Meacham, in the novel, is not sent to a well-appointed resort in Georgia for atomic scientists, but, rather to an industrial plant outside of Phoenix, Arizona. In the course of the novel, he squashes a union strike(!), locates alien saboteurs and marries Adams. He comes across his old college friend, a "big Swede" Ole Swenberg, who turns out to be an alien spy masquerading as human since their college years(!).

For film buffs who enjoyed the character of Exeter, don't bother. Here, Meacham's mysterious employer is Jorgasnovara, (say that twice!) who tells Meacham that the setup is really a secret group called the Peace Engineers. Jorgasnovara explains that the group dates back to the American Civil War, and that it is composed of scientists banding together to end war. Unlike the film, the literary Meacham is sap enough to buy this outlandish folderol hook, line and stinker. The whole thing falls apart soon after Meacham arrives in Arizona. The Llannan people (Metalunans in the movie) are using human beings to build interocitors much the way "civilized" westerners used native labor to build roads during World War II. (Hence the title.) However, people come and go around the plant freely and no one ever seems to figure out what it is they are building. At the height of intergalactic conflict, not only do Meacham and Adams have time to marry, but Jorgasnovara takes them on a round-the-world tour on a honeymoon-cum-business trip. Swenberg goes alien, holds Meacham and Adams at gun point, and the earth is doomed. Worse still, killers from Gurran (Zahgon in the movie) have infiltrated factory management(!) and Jorgasnovara kills them with thought waves intensified by his interocitor -- a machine that can "read" minds. If that's the case, how come he didn't know who was and who wasn't a traitor in the first place?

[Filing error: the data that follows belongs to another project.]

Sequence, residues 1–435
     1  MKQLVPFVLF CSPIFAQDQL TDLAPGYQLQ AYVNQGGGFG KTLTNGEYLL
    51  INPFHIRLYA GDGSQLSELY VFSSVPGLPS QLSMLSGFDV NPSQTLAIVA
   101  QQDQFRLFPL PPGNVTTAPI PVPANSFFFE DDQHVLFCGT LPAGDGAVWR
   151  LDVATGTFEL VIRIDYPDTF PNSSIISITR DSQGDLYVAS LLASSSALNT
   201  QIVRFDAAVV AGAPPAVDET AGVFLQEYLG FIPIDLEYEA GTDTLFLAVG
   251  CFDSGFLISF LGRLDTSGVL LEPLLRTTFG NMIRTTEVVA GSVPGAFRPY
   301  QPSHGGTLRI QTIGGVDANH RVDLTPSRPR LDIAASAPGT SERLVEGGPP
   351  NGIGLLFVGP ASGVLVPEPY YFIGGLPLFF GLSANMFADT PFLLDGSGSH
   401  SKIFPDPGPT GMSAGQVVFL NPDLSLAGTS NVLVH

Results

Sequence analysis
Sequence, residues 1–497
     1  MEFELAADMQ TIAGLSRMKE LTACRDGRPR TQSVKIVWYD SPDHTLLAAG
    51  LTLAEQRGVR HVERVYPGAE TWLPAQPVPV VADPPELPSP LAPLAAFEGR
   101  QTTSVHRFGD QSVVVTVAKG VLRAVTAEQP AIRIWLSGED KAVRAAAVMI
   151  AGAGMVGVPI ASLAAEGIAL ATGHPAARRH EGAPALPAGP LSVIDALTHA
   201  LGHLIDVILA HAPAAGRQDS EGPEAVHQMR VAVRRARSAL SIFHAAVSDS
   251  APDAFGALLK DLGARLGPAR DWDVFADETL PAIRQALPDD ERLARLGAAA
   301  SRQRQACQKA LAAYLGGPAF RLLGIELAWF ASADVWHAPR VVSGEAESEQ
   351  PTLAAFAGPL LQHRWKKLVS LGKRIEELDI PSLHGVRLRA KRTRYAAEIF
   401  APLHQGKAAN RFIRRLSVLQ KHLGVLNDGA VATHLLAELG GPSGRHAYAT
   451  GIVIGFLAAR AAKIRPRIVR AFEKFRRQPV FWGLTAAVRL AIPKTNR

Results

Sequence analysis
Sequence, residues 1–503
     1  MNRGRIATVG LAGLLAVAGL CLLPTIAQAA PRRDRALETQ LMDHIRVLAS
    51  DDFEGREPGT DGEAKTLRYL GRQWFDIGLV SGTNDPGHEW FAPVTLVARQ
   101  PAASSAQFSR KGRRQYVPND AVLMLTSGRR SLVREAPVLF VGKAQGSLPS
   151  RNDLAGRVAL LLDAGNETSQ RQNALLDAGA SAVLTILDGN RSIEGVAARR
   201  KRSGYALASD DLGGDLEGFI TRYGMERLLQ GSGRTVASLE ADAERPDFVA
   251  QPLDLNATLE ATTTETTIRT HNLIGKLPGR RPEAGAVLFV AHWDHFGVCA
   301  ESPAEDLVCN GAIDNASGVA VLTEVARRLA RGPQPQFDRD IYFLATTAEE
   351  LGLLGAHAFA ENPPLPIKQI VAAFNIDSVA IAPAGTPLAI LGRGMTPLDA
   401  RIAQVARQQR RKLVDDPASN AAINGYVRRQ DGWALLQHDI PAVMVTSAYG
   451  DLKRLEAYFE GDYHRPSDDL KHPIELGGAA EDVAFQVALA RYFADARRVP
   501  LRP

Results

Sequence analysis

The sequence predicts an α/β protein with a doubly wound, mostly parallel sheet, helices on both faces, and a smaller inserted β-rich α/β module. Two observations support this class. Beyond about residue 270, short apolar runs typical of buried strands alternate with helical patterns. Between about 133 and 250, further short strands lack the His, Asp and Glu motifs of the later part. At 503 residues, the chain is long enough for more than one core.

Finally, Meacham and Adams are taken before the Llannan council after it is decided that Earth is expendable. Meacham manages to double-talk them into protecting our planet (I only read it yesterday and I've already forgotten how) and then the thing ends rather abruptly. No mutants. No exploding planet. No Monitor. In fact, not much of anything. Unlike the film, the novel This Island Earth goes in one eye and out the other.